If I had been teaching through the 2017-18 school year, today would have been my last day of work before summer. I wasn’t teaching though, so it is just another day. Or is it?
Yesterday I attended the annual staff luncheon at the school. We order in mostly unhealthy foods and a cake. After the lunch, we all move down to the theatre for some presentations like skits and songs in honour of the retirees, gifts, and goodbyes for those who don’t know yet if they will be teaching next year due to short-term contracts or who are moving to a new teaching position. Yesterday was the same as always, but this year I was one of the people retiring.
My retirement is a little different than the others because it was my Salary Continuation company who decided I was retiring. When it became clear that I would not be returning to work, they required that I put in for the disability form of the teachers’ pension plan. Guess what that meant! Yes, indeed, forms to fill in, doctor’s records to gather, and then waiting for someone somewhere to decide my fate. Seven days ago I got a letter saying I was approved, the next day I got a call from the district to come for forms. We filled the forms out in the office and…poof…I was a retiree!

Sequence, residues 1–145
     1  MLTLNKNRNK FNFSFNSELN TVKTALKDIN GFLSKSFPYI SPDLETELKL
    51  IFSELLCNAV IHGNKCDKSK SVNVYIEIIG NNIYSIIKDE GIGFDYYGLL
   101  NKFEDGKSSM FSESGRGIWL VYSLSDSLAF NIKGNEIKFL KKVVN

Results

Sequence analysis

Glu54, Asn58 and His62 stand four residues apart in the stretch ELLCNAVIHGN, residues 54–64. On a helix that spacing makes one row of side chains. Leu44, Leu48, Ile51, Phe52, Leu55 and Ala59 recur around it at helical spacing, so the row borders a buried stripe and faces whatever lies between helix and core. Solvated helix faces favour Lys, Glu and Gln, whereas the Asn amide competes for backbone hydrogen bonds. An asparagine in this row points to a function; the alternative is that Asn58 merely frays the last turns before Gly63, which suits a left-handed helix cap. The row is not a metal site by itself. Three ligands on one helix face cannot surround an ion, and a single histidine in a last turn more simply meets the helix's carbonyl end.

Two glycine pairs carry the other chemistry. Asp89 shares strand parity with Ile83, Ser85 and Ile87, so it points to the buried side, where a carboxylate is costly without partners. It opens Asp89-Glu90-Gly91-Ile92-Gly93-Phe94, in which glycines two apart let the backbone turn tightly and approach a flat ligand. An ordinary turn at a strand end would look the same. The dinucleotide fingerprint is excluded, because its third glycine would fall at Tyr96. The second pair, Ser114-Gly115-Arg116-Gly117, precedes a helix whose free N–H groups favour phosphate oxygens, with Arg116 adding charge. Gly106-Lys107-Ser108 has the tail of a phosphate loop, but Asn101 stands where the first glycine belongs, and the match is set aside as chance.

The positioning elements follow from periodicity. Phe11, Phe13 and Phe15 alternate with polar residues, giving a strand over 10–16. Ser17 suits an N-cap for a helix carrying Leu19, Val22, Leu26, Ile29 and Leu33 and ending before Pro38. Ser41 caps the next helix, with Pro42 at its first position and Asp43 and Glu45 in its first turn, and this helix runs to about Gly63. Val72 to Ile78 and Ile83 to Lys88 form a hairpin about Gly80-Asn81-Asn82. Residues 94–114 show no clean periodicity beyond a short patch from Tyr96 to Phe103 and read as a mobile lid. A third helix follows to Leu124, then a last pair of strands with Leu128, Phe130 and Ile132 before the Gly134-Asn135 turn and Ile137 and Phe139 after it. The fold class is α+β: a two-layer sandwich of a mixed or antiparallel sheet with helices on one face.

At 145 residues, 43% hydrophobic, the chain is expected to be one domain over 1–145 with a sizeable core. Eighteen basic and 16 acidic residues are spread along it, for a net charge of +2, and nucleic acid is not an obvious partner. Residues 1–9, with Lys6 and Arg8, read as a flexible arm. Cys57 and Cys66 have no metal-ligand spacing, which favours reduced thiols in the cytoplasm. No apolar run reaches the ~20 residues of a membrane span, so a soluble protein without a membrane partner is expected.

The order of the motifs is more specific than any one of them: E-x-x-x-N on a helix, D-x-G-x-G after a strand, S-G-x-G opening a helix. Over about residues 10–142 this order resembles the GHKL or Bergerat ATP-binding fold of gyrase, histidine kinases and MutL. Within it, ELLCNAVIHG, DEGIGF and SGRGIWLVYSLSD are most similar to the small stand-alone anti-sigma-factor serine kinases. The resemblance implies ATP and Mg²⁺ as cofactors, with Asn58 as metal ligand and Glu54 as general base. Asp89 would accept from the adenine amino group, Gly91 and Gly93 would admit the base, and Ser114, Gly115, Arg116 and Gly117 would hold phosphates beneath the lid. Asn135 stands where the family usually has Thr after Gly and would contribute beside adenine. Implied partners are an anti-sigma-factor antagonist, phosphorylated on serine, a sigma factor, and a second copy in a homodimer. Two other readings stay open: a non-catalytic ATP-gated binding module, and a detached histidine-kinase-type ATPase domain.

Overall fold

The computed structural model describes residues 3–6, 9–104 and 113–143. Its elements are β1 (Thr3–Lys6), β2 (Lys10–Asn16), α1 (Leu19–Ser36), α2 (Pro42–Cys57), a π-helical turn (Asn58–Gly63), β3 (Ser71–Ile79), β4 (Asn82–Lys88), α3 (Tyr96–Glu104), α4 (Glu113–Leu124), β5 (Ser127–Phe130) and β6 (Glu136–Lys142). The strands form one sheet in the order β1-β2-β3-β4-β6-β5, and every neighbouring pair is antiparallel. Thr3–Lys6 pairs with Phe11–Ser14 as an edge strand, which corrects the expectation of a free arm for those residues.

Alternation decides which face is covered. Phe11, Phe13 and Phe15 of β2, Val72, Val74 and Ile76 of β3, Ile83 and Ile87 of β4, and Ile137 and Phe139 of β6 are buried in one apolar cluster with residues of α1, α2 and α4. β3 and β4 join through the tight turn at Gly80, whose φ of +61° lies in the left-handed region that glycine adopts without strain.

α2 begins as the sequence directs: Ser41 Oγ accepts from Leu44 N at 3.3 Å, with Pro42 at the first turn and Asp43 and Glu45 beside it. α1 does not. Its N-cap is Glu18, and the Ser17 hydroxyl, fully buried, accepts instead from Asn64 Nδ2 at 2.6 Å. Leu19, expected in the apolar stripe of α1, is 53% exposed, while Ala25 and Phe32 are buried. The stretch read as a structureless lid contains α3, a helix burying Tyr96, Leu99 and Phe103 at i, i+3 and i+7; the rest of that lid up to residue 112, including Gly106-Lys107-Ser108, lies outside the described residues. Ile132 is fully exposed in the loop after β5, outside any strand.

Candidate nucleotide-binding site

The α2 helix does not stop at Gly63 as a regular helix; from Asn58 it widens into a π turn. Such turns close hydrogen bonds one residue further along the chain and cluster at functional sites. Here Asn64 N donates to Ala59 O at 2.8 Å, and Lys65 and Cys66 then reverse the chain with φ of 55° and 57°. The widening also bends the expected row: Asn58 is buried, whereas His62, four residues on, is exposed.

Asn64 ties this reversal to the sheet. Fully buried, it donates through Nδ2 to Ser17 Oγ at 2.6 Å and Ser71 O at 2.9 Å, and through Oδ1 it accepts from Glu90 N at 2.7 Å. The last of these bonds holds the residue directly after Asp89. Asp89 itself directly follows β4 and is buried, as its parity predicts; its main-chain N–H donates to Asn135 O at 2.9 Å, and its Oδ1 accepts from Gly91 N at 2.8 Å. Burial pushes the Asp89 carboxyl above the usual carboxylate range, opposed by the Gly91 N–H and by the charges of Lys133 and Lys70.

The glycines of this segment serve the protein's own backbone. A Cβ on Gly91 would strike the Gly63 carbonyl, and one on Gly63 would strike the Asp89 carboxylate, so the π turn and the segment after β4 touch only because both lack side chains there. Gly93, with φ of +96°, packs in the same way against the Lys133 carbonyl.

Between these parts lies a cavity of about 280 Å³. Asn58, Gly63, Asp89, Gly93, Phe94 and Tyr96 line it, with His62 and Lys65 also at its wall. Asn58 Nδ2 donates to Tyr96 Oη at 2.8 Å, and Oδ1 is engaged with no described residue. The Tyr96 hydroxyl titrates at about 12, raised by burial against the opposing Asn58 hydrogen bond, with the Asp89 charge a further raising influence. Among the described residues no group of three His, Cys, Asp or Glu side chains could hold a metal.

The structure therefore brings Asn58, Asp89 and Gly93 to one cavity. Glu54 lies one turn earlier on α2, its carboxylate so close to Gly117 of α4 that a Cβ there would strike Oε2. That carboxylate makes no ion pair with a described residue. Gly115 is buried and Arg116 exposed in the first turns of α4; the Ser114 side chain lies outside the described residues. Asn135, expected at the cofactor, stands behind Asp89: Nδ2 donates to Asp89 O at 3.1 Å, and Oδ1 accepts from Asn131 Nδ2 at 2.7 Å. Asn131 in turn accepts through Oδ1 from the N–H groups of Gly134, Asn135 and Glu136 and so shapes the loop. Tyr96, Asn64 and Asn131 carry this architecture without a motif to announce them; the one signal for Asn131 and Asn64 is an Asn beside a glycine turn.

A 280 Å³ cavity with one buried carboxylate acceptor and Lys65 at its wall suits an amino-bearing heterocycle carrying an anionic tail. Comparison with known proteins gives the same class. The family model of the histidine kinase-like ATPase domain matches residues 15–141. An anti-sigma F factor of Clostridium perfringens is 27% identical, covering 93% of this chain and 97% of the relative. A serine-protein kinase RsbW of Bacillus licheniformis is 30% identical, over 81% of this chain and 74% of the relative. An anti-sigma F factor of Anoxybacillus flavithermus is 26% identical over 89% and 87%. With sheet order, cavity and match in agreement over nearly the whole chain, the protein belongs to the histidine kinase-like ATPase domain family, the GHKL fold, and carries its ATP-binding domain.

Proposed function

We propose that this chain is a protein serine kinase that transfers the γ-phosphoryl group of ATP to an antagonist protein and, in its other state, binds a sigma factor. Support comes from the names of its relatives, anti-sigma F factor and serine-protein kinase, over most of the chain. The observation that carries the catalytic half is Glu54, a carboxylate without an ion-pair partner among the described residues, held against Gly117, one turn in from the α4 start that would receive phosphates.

My retiring colleagues, if they chose to let folks know ahead, have had a few months of celebrations at various levels. They also have been clearing out their classrooms, which I did last year. It was nice to visit yesterday with my colleagues, some of whom I have known for up to 28 years. It was fun to listen to songs and skits about some of my fellow retirees! It was amazing to participate in the receiving line and get handshakes or hugs from everyone and to hear congratulations.
So is this really a transition for me? After all, I have been at home/not working for most of two school years. In some ways, it is no transition. September without meeting and learning names of up to 120 new students, done that! Sleeping in most days until I want to get up, done that! Able to travel when I want and am able, done that! But it does feel a little different today. I know that when I meet someone I can say that I am a retired teacher, rather than telling them that it is complicated.
None of us know when we will die, though with a stage 4 cancer diagnosis it is likely sooner rather than later. We can all celebrate each milestone we reach and decide how they will refocus our view of life. I have many good memories of all those years of teaching which are easier to think about with things settled. My focus is fully ahead, what milestone will be next?